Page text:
OpenAI CEO Sam Altman speaks with ABC News, Mar. 15, 2023.
ABC News

"At present, essentially the way these systems work is akin to applied statistics, so they don't have any capacity for deeper understanding, don't have any capacity for empathy and certainly not sentience," Myers West added.

But the risk posed by AI stems from its potential to exceed human intelligence rather than mimic it, Stuart Russell, an AI researcher at the University of California, Berkeley who co-authored a study on societal-scale dangers of the technology, told ABC News.

"If you make systems that are more intelligent than humans, they will have more power over the world than we do, just as we have more power over the world than other species on earth," he said.

Acknowledging a lack of specifics in some prominent messages about the extreme risks, such as the open letter released by CAIS in May, Russell said: "Once you get into specifics, you end up with arguments about which is the most plausible." Hendrycks, of CAIS, added: "Since AI touches on many aspects of society, we end up finding there are many, many risk sources."

Key remedies, such as robust government oversight and liability for AI developers, can help deter a range of catastrophic scenarios, Hendrycks said. "We don't need to know exactly what's going to happen to make interventions to reduce risk," he said.

To be sure, while acknowledging the risks of AI, experts heralded its potential benefits. Proponents of AI say the technology could increase productivity, automate unpleasant or mundane tasks and afford the opportunity to focus on creative and innovative endeavors. AI has been touted as an aid for endeavors ranging from the fight against climate change to the diagnosis of cancer.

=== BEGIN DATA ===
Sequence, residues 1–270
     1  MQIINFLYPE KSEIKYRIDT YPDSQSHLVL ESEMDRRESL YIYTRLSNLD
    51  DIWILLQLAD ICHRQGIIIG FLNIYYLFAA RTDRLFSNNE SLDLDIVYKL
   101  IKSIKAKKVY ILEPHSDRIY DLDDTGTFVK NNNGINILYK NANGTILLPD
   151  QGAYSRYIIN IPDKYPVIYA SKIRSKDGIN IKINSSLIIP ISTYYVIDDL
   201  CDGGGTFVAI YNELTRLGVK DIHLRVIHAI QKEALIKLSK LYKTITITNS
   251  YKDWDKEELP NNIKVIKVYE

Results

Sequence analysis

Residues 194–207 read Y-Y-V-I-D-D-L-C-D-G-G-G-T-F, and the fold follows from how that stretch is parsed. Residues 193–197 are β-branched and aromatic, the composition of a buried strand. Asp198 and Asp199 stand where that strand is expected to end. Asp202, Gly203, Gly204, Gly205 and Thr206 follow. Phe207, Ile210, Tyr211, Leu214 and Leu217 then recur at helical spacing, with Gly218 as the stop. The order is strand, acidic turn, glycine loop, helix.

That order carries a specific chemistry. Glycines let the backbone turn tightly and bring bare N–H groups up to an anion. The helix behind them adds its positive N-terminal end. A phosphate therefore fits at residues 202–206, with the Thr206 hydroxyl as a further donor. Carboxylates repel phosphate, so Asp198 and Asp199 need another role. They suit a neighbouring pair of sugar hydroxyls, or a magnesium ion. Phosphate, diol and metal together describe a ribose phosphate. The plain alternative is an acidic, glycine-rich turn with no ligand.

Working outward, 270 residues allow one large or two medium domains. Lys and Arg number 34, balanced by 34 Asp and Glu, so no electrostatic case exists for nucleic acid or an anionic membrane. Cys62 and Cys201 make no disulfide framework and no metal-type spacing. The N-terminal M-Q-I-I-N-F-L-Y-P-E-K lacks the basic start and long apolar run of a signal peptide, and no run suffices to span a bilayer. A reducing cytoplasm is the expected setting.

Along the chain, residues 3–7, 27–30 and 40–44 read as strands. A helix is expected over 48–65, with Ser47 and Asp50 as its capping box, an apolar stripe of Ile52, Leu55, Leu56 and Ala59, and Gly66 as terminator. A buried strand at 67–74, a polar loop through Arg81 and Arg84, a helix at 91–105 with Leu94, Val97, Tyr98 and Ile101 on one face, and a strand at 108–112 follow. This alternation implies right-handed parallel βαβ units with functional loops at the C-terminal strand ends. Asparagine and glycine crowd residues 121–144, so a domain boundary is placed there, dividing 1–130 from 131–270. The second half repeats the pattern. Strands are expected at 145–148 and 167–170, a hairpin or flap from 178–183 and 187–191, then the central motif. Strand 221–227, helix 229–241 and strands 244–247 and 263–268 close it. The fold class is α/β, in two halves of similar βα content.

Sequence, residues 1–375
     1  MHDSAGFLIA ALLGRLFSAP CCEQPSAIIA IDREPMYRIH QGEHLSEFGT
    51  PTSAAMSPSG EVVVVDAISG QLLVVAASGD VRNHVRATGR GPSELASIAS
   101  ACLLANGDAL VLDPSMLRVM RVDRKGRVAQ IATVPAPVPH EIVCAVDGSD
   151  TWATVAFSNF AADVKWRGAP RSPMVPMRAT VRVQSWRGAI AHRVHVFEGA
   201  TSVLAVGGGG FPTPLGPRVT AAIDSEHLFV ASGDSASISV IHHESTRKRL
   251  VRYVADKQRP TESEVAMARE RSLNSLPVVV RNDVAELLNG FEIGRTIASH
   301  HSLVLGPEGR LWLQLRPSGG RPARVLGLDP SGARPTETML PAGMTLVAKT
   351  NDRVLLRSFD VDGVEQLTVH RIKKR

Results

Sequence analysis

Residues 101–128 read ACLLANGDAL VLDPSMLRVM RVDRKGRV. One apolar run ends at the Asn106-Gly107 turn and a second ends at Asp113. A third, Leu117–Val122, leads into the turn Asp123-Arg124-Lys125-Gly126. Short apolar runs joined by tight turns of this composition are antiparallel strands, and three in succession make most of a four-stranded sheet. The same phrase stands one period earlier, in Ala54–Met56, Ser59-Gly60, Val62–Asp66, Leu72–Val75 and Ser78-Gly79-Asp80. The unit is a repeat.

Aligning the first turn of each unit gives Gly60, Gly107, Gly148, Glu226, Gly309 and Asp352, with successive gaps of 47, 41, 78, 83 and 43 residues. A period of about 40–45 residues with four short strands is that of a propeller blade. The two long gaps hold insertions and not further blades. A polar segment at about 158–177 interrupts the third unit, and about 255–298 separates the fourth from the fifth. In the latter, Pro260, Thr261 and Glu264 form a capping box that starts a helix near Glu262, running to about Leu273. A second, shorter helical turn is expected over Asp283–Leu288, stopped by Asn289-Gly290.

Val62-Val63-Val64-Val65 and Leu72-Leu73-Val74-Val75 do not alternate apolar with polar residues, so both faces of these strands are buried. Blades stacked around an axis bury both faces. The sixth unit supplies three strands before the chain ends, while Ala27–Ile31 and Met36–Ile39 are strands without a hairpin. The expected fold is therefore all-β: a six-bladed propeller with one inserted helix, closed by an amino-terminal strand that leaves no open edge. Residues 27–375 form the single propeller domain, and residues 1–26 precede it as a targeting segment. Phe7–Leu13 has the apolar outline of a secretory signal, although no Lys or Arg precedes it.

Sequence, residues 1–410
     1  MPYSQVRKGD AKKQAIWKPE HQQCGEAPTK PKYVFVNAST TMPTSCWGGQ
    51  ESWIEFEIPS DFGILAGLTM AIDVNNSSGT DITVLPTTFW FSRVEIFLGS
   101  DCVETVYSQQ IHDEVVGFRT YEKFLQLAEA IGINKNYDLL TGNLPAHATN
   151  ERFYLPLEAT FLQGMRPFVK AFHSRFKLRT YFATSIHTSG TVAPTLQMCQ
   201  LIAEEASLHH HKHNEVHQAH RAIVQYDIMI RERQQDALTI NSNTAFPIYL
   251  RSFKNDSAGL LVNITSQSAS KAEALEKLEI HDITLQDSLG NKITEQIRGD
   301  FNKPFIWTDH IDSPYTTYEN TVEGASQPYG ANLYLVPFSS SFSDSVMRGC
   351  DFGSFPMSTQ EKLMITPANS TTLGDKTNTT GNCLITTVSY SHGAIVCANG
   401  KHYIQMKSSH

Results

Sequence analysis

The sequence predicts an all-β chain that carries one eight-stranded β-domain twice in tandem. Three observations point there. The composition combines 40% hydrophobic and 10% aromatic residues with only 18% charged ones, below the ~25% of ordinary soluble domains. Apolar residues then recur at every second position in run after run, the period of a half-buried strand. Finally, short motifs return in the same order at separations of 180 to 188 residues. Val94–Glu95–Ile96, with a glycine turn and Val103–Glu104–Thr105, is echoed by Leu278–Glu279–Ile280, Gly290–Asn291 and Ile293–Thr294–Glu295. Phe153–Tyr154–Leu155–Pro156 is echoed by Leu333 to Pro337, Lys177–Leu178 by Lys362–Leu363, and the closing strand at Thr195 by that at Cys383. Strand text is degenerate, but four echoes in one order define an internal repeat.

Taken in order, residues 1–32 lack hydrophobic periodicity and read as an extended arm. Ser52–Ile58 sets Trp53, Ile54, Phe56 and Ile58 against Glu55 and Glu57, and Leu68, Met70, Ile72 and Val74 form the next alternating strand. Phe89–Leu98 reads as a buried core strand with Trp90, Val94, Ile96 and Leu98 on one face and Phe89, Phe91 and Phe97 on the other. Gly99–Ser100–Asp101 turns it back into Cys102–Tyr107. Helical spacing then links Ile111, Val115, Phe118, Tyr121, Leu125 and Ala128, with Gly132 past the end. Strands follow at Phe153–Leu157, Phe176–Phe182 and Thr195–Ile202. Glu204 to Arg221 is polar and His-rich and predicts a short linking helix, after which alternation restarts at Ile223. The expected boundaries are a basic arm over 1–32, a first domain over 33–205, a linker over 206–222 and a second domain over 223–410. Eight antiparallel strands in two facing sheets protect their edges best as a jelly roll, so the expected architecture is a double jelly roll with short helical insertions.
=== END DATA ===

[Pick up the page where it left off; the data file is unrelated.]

Senate Majority Chuck Schumer, D-N.Y., released a framework last month outlining four pillars that he hopes will guide future bipartisan legislation governing AI: security, accountability, protecting our foundations and explainability.

The framework is not legislative text, and it's not clear how long it will take for Congress to begin putting together legislative proposals. There has not yet been any comprehensive legislation introduced in Congress to deal with regulating AI, though a bicameral group of lawmakers introduced a proposal last month that would create a blue-ribbon commission to study AI's impact.

"We have no choice but to acknowledge that AI's changes are coming, and in many cases are already here. We ignore them at our own peril," Schumer said last month in prepared remarks at the Center for Strategic and International Studies.

President Joe Biden, meanwhile, appeared last month at a roundtable event focused on AI in California, describing artificial intelligence as something that has "enormous promise and its risks."

An effort to ward off hypothetical long-term dangers could distract from present-day damage caused by AI, said Isabelle Jones, campaign outreach manager for Stop Killer Robots, which aims to establish an international agreement prohibiting the use of autonomous weapons.

"I think that to purely focus on the future is to the detriment of the existing harms that are coming about or that there's an immediate risk of," Jones told ABC News.

Policymakers can address current and future dangers at the same time, Russell said, just as they do in combating climate change. "I think the narrative that you can either do one or the other but can't do both is actually poisonous."

Regardless of whether they believe or question forecasts of extreme risk, experts who spoke with ABC News called on the government to regulate the technology.

"My biggest thing is regulation and international coordination," Hendrycks said. Jones cited international accords on issues like nuclear proliferation as a model for reigning in autonomous weapons.

Still, Myers West said, differences could again arise on the issue of specifics. "The devil is in the details," she said.

ABC News' Alison Pecorin contributed reporting.